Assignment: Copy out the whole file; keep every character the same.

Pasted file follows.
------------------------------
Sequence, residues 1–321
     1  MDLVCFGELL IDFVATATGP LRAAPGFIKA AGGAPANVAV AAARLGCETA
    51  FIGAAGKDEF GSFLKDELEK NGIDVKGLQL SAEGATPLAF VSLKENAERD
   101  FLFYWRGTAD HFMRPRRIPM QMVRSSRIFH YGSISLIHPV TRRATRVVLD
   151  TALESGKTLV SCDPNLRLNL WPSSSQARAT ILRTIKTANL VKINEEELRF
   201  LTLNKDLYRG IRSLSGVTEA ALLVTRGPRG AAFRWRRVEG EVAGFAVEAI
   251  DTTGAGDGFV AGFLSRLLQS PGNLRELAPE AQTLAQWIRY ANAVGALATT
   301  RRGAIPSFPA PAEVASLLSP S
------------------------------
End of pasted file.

Sequence, residues 1–321
     1  MDLVCFGELL IDFVATATGP LRAAPGFIKA AGGAPANVAV AAARLGCETA
    51  FIGAAGKDEF GSFLKDELEK NGIDVKGLQL SAEGATPLAF VSLKENAERD
   101  FLFYWRGTAD HFMRPRRIPM QMVRSSRIFH YGSISLIHPV TRRATRVVLD
   151  TALESGKTLV SCDPNLRLNL WPSSSQARAT ILRTIKTANL VKINEEELRF
   201  LTLNKDLYRG IRSLSGVTEA ALLVTRGPRG AAFRWRRVEG EVAGFAVEAI
   251  DTTGAGDGFV AGFLSRLLQS PGNLRELAPE AQTLAQWIRY ANAVGALATT
   301  RRGAIPSFPA PAEVASLLSP S